MOSCOW (Reuters) - Robert Heffernan said he wanted to create a “Rocky scenario” by beating the Russians in their own back yard and the Irish journeyman duly matched Sylvester Stallone’s most outlandish plotline to win the 50km walk world gold on Wednesday.
True, world and Olympic champion Sergey Kirdyapkin was missing after a late withdrawal but the “Ivan Drago” role memorably played by Dolph Lundgren in Rocky IV, sat comfortably on the shoulders of Mikhail Ryzhov.
With Russia having won both 20km walks earlier in the week Ryzhov and compatriot Ivan Noscov were expected to complete the hat-trick but 35-year-old Heffernan, who has spent most of his 13-year international career eyeing the podium from afar, had other ideas.
“I knew I was in the shape of my life, physically, mentally, preparation-wise everything was right and I had no excuses,” he told journalists after winning Ireland’s first world gold in 18 years.
“It was the Rocky scenario; I wanted to come here and beat the Russians in Moscow and that’s what I did.”
The Irishman, who withdrew before the 2011 race after his mother died suddenly, triumphed in three hours, 37. 56 minutes, the fastest time of the year and over a minute clear of Ryzhov and two ahead of double Olympic silver medalist Jared Talent of Australia.
It was Ireland’s third-ever world gold following the 5,000 meters victories of Sonia O’Sullivan in 1995 and Eamonn Coghlan in 1983.
“It’s surreal, I can’t quite believe it - though I always thought I could do it,” he said. “When I came into the stadium and looked up at the big screen and saw myself it was like an out of body experience.
“Then I thought ‘hey, I’m looking good and I’m going to win this’ and was able to relax and really enjoy that final lap.”
If anyone deserved to enjoy his moment in the sun it was Heffernan, who has worked long and hard with precious little reward in a backwater of the sport.
Racing the 20km distance he was 28th in the Sydney Olympics, disqualified in Athens and eighth in Beijing.
It was a similar story in the world championships and after finishing 15th in 2009 he had had just about enough of being an “also-walked.”
However, encouraged by his hero, Poland’s four-time Olympic gold medalist Robert Korzeniowski, he decided to carry on and came agonizingly close to a medal with two fourth place finishes in the 2010 European championships.
He travelled to South Korea a year later fully confident of going at least one place better, only to get the shocking news of his mother’s death, leading to him returning home.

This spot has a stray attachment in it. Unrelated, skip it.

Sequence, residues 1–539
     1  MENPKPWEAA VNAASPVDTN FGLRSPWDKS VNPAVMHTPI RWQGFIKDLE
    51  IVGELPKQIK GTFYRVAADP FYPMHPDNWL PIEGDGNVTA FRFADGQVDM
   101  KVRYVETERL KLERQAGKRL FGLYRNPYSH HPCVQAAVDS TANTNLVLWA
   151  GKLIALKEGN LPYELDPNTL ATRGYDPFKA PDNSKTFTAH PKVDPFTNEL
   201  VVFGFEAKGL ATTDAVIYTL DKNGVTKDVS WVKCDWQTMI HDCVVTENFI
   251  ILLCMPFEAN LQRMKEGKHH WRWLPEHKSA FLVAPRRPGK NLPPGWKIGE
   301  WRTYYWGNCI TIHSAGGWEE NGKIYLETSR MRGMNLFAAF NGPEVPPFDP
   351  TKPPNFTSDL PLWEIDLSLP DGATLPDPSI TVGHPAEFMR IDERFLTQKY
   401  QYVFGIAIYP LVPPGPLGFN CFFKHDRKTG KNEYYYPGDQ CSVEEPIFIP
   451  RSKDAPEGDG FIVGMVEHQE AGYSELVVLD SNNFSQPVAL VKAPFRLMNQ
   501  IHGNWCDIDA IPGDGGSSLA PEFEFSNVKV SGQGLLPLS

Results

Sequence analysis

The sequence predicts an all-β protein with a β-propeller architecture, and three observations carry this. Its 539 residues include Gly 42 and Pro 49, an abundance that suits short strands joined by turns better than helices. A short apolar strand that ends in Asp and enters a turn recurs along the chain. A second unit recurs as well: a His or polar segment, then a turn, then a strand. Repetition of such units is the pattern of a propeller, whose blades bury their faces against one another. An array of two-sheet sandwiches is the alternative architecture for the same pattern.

Putting more emphasis on the longer distance he finished ninth at the London Olympic 20km then took another fourth, having led early on, in the 50km.
“London was not a disappointment,” he insisted on Wednesday. “Everyone keeps telling me it was but I put in a great performance that just wasn’t good enough to win a medal on the day.”
Heffernan said his training and motivation since then had been ideal and he had to stop himself looking for excuses in the last few days before Wednesday’s race. “Everything had gone perfectly and I just had to say to myself ‘you have no excuses now, just go out there and execute the plan’.
“And that’s what I did. I wanted to beat the Russians in their own back yard but I was just concentrating on my technique.”
As the sun began to beat down after cool, wet conditions at the start, Heffernan began to pile on the pressure after around 35km. Ryzhov was the only man to stay with him but he eventually fell back as the gap stretched to 20 seconds with 5km to go.
Concentrating hard to avoid a heartbreaking late disqualification, Heffernan also made a mental note to complete the 500 meters circuit-and-a-bit of the Luzhniki track after Russia’s Elena Lashmanova almost blew her victory by stopping prematurely in Tuesday’s 20km race.
His vast experience ensured he made no mistake, however, despite the pain of one of the most excruciating events in the program.
“The last 10km are like a crucifixion so all you can do is prepare mentally for it,” he said.
“But I was able to enjoy it at the end. Two years ago was the saddest time of my life, an awful experience I wouldn’t wish on my worst enemy.
“That sort of thing helps you appreciate the good times.”
Irish team mate Brendan Boyce, who finished 25th in a personal best time of 3:54.24, said Heffernan fully deserved his success after working so hard for so long and said the two planned to celebrate as only the Irish can.
“We are actually due to fly home very early tomorrow,” Boyce said. “We’ll see how that goes!”
Editing by Justin Palmer